What happens when an irresistible force meets an immovable object? In political terms, the nearest thing to such a clash was the non-event which did not happen at the Executive meeting of Stormont last Thursday.
This clash had been anticipated ever since the day the first Executive was formed following the Good Friday Agreement. Sinn Fein, firstly by Martin McGuinness and subsequently by Caitriona Ruane have persistently pursued the destruction of academic selection and the Grammar School System.
Of course, it is inaccurate to describe Ruane as an irresistible force. It is more accurate to say that she is intransigent and inflexible almost certainly because she is driven by her left-wing ideology. The description of the DUP as an immovable object is much more accurate as it sums up their politics since their recently retired leader, Ian Paisley formed the Protestant Unionist Party all those years ago.
Though the saga relating to the Grammar Schools is now about 8 years old, I begin specific reference to it from last Autumn. We were in the last year for the sitting of the 11+ transfer test before it ceased to exist under the provisions of the Education (Northern Ireland) Order 2006. There had been no consensus on an alternative means of selection for Grammar schools. The situation was becoming extremely urgent as we were about to reach the point where the present crop of P6 primary students would normally have started preparing next year’s transfer test.
On 10th November 2008, a motion, introduced by the UUP was passed by the Assembly calling upon the Minister to re-introduce the 11 plus for a further 3 years pending the implementation of an agreed formula to replace it. She refused and I argued that she was unfit to continue in office and that sanctions should have been applied.Instead, she continued to pursue a previously rejected proposal to wind-down academic selection over a 3-year period and then make it illegal for schools to take into account the academic abilities of a child during the post-primary transfer process.
On Friday, 31st January, we learned that all Catholic Grammar Schools will be revealing their new admissions arrangements within days. Some will have their own specific admissions test. Others will use a Common Entrance Exam test. With central cohesion over admissions gone, this is appalling for the children. Instead of having to sit one test, they could be sitting a number of them. It is a recipe for chaos and increased pressure on children and their parents.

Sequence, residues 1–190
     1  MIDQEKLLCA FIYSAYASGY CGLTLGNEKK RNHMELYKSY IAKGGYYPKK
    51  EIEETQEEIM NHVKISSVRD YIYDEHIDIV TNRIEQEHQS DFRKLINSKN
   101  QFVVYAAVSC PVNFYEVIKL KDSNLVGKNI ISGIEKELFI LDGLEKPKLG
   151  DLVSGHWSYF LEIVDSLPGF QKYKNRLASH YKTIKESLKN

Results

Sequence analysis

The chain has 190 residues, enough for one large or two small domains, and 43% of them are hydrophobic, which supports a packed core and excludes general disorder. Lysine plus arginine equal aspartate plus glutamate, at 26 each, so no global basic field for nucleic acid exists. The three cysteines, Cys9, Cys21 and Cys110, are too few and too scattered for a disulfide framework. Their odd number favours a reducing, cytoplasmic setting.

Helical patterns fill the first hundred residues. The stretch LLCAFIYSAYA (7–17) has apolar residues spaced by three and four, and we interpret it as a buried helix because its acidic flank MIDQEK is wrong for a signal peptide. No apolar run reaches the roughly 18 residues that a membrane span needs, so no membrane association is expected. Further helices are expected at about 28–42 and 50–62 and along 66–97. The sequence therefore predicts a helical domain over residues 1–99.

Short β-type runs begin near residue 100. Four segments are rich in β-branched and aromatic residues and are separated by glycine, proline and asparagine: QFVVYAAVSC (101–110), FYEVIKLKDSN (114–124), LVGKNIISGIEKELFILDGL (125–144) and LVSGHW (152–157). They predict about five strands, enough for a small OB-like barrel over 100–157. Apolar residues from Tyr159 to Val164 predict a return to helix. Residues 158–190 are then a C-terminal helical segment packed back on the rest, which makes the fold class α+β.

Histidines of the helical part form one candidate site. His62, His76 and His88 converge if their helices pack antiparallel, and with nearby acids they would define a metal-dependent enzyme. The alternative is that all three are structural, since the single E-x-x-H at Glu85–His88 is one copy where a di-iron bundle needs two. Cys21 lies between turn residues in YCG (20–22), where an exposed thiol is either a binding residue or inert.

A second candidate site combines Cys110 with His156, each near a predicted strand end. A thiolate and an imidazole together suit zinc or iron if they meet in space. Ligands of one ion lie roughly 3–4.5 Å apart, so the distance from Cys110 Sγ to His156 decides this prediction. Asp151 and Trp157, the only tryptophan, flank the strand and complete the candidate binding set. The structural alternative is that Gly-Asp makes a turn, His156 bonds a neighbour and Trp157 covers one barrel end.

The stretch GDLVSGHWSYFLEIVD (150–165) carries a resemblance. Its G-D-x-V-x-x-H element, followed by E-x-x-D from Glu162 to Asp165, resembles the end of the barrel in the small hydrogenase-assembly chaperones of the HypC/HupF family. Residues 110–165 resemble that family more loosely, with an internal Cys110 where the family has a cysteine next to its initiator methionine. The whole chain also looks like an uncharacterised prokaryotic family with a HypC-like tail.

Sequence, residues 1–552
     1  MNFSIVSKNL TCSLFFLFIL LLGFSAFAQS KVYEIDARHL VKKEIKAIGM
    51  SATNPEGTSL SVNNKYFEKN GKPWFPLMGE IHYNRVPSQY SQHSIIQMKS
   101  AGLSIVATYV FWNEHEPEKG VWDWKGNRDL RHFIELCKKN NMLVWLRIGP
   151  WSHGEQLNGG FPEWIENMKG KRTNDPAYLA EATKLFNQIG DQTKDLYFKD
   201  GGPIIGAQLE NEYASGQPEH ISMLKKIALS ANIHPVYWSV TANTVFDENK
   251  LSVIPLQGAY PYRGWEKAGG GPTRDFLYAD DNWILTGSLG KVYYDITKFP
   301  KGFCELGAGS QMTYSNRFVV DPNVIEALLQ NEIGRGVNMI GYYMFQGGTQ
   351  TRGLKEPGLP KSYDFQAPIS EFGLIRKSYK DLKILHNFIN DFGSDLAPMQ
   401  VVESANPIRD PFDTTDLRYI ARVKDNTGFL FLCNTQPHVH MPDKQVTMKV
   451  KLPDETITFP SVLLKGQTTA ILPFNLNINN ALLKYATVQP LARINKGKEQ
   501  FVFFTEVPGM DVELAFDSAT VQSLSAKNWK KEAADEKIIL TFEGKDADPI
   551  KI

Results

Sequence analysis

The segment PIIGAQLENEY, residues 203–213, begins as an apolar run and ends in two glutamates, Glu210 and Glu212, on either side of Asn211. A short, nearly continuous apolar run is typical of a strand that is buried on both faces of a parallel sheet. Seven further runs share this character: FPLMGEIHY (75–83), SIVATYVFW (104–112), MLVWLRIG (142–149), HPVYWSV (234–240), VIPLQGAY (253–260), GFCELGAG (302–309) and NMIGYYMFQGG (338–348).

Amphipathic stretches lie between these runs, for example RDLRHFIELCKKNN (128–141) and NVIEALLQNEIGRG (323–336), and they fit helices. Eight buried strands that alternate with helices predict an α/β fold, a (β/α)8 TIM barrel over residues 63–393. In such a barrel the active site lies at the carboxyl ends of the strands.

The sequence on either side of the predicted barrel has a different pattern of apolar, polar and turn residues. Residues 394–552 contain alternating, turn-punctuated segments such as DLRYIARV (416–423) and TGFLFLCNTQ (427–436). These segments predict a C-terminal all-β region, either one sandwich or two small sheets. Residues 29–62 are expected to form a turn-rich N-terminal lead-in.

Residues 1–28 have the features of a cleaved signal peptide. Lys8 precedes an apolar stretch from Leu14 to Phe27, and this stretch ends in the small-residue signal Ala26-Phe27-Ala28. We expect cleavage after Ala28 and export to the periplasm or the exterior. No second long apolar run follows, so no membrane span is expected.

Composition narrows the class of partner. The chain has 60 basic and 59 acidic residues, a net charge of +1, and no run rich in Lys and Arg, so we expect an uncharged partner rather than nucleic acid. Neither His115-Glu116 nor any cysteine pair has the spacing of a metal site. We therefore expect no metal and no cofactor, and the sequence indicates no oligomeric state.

With Sinn Fein’s pursuit of dismantling the Grammar School System having now hit the buffers, one wonders what next for Sinn Fein on this issue. There is no doubt that their standing within the Catholic Community has been severely diminished now that the chaos resulting from the failure to provide an alternative to the 11+ has impacted directly on primary school children, teachers and parents. Sinn Fein now has little choice but to embark on a damage limitation exercise.
Perhaps their best hope is that success in the forthcoming European Elections eclipses their humiliating failure.
Filed under: Academic selection, Assembly, Caitriona Ruane, Conservative Party, DUP, Education, eleven plus, European Elections, Ideology, Martin McGuiness, Sinn Fein, Stormont, UUP | Tagged: Academic selection, Assembly, Caitriona Ruane, Conservative Party, DUP, Education, eleven plus, European Elections, Ideology, Martin McGuiness, Power Sharing, Sinn Fein, Stormont, UUP | Leave a Comment »